ResourceByteLimit See the ResourceByteLimit section.
Snapshot The file name of the snapshot file (inf extension), used for correlation.
Mode the Recording Level: HTML or HTTP. Click here for more information.

The base URL for resolving relative URLs within the EXTRARES group.URLs can be absolute (like "http://weather.abc.com/weather/forecast.jsp?locCode=LFPO") or relative (like "forecast.jsp?locCode=LFPO").

The actual downloading of URLs is always performed using absolute URLs, so that relative URLs must be resolved using another (absolute) URL as a "base".

For example, resolving the relative "forecast.jsp?locCode=LFPO" using "http://weather.abc.com/weather/" as a base will yield "http://weather.abc.com/weather/forecast.jsp?locCode=LFPO". By default, when "ExtraResBaseDir" is not specified, the primary URL of the function is used.


"User–Agent" is the name of an HTTP header identifying the application, usually a browser, which represents the user in the interaction with the server. For example, the header "User-Agent: Mozilla/5.0 (Windows NT 10.0; Trident/7.0; rv:11.0) like Gecko" identifies Microsoft Internet Explorer 11.0 for Windows NT 10.

Other User–Agent strings are used for different browsers and for other, non–browser applications. Usually, all requests from an application use the same User–Agent value, which the recorder specifies as a runtime setting. However, even within a regular browser session, there may be non–browser components (for example, Active–X) that interact with a server directly, and usually have a different User–Agent string than the browser. Specifying a User-Agent indicates that this is such a non–browser request.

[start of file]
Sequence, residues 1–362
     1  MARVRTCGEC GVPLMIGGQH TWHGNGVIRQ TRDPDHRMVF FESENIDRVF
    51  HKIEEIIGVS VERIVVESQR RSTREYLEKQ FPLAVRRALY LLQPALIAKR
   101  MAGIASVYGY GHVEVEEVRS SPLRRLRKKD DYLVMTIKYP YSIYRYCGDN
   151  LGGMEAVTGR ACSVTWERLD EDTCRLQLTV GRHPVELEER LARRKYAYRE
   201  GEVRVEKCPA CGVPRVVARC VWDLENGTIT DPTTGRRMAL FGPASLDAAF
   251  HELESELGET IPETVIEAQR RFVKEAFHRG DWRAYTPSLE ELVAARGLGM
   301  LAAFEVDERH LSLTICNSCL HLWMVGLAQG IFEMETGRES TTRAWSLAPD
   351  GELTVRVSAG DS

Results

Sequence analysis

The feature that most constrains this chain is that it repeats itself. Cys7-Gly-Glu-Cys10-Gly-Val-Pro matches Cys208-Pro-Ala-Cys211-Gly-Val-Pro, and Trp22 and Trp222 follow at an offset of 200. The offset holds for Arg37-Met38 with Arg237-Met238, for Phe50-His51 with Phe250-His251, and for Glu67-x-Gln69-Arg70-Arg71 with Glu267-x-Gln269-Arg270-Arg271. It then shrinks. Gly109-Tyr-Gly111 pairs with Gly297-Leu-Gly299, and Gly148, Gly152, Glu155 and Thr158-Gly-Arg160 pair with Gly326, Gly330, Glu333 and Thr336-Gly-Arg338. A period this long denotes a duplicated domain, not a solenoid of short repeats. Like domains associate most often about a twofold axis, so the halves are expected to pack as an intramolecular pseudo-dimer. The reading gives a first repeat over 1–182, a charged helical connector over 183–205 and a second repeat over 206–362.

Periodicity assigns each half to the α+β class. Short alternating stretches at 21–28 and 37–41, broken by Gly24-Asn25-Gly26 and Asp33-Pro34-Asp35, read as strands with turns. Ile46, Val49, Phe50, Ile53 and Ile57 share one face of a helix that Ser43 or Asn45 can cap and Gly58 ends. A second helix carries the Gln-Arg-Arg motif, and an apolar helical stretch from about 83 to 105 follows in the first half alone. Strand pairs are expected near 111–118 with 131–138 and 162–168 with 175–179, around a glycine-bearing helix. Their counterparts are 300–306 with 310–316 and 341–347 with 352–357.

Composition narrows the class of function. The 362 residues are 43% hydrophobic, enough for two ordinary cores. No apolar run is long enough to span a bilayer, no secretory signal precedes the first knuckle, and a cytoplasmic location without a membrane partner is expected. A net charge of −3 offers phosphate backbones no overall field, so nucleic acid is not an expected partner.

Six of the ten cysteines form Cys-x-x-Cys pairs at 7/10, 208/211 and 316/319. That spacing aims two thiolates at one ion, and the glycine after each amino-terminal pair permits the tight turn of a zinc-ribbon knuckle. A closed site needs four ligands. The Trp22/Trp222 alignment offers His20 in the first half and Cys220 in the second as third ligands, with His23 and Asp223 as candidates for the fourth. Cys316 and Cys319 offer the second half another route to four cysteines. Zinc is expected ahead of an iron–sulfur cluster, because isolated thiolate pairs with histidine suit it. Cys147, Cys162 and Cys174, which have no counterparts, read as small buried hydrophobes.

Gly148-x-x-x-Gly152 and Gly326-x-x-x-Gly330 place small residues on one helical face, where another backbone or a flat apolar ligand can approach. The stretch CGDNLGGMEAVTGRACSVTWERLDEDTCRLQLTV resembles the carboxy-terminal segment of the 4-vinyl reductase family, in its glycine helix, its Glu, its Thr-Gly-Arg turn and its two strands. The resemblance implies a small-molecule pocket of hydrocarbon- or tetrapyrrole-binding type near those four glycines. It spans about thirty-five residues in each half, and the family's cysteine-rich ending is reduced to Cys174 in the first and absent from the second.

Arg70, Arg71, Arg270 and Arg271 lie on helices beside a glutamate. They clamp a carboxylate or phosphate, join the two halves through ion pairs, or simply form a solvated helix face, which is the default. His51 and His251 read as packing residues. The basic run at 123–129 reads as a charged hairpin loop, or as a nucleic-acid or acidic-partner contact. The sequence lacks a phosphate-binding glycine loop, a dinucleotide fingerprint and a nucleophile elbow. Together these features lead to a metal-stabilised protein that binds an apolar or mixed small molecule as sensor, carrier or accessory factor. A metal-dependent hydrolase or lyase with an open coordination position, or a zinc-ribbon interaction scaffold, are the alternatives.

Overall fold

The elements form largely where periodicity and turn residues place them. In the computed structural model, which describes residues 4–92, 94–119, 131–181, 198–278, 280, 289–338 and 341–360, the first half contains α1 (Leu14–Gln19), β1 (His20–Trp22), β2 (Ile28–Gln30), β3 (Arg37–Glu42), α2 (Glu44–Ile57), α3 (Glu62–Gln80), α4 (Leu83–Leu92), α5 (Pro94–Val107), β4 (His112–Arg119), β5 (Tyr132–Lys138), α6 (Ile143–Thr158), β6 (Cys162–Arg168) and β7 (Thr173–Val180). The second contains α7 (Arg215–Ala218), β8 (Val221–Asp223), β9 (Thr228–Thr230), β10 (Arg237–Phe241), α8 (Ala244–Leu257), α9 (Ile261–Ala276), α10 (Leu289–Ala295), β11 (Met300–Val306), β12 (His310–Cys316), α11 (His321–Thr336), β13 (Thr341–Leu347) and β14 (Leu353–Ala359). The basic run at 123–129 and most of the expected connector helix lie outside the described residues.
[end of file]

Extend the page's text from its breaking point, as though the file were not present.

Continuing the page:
The specified string is used in the "User–Agent:" HTTP header, and affects the replay behavior, for example, by not using the browser cache, assuming the specified URLs are resources, etc. No check is made to verify that the specified value is different than that of the browser.

Binary "Binary=1" specifies that each sequence in the Body of the form \\x##, where "##" are two "hexadecimal digits" (0–9, a–f or A–F), be replaced by a single byte containing the specified hexadecimal value. If "Binary=0" (the default), such sequences are passed literally. Note that two backslashes are used. They are interpreted as one backslash by to the C interpreter. When a zero byte is NOT required, one backslash can be used without "Binary=1" (e.g., \x20 instead of \\x20). When a zero byte IS required, specifying \x00 would cause the string to be logically truncated (null terminator), and \\x00 needs to be specified using "Binary=1".
ContentEncoding Requests that the request body by encoded (e.g., compressed) using the specified method (i.e., gzip or deflate), and that the corresponding "Content–Encoding:" HTTP header be sent along with the request.

Using Binary Code

You can use the following format to include binary code in the Body parameter of a flex_web_request function:


This represents the hexadecimal value that is represented by [char1][char2].

For example: \x24 is 16*2+4=36, which is a $ sign; \x2B is + sign.

Sequences that do not represent valid 2–character hexadecimal sequences are treated by VuGen as ASCII text. Do not use 1–character hexadecimal sequences. For example, "\x2" is not a valid 2–character hexadecimal sequence. Use "\x02", instead.

Note that binary values appear in a script as \\x, i.e., the "x" is preceded by two backslashes. This is due to C language escaping laws. However, when generating a flex_web_request function by using VuGen, you need to type only one backslash.

If you use parameterization within a flex_web_request function, include only one backslash within the definition of the parameter. This is because parameter substitution does not perform any C escaping conversion.

The HTTP header can be modified to pass additional information about the request to the server. Using HTTP headers you can, for example, allow other content types in the response such as compressed files, or you can request a web page only on certain conditions. To modify the HTTP header in the request, see web_add_header. To modify all subsequent requests, see web_add_auto_header.